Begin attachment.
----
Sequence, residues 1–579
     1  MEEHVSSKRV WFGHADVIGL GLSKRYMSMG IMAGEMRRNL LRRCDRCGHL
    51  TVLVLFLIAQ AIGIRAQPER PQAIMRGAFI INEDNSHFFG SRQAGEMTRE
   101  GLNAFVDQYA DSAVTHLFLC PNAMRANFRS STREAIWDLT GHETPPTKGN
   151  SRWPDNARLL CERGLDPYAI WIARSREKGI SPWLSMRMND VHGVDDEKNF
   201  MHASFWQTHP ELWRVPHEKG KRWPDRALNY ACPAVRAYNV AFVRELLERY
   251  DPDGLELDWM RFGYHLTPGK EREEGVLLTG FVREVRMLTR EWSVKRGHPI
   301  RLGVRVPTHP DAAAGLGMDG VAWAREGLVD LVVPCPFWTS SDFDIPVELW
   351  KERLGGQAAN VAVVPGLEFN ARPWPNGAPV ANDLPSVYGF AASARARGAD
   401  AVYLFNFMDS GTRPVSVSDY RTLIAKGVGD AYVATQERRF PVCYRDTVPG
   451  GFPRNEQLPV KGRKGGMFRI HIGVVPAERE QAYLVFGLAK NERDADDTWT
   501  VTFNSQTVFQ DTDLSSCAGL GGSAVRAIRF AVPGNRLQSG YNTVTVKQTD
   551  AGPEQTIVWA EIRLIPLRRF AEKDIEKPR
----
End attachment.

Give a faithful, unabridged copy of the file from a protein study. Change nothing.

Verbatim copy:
Sequence, residues 1–579
     1  MEEHVSSKRV WFGHADVIGL GLSKRYMSMG IMAGEMRRNL LRRCDRCGHL
    51  TVLVLFLIAQ AIGIRAQPER PQAIMRGAFI INEDNSHFFG SRQAGEMTRE
   101  GLNAFVDQYA DSAVTHLFLC PNAMRANFRS STREAIWDLT GHETPPTKGN
   151  SRWPDNARLL CERGLDPYAI WIARSREKGI SPWLSMRMND VHGVDDEKNF
   201  MHASFWQTHP ELWRVPHEKG KRWPDRALNY ACPAVRAYNV AFVRELLERY
   251  DPDGLELDWM RFGYHLTPGK EREEGVLLTG FVREVRMLTR EWSVKRGHPI
   301  RLGVRVPTHP DAAAGLGMDG VAWAREGLVD LVVPCPFWTS SDFDIPVELW
   351  KERLGGQAAN VAVVPGLEFN ARPWPNGAPV ANDLPSVYGF AASARARGAD
   401  AVYLFNFMDS GTRPVSVSDY RTLIAKGVGD AYVATQERRF PVCYRDTVPG
   451  GFPRNEQLPV KGRKGGMFRI HIGVVPAERE QAYLVFGLAK NERDADDTWT
   501  VTFNSQTVFQ DTDLSSCAGL GGSAVRAIRF AVPGNRLQSG YNTVTVKQTD
   551  AGPEQTIVWA EIRLIPLRRF AEKDIEKPR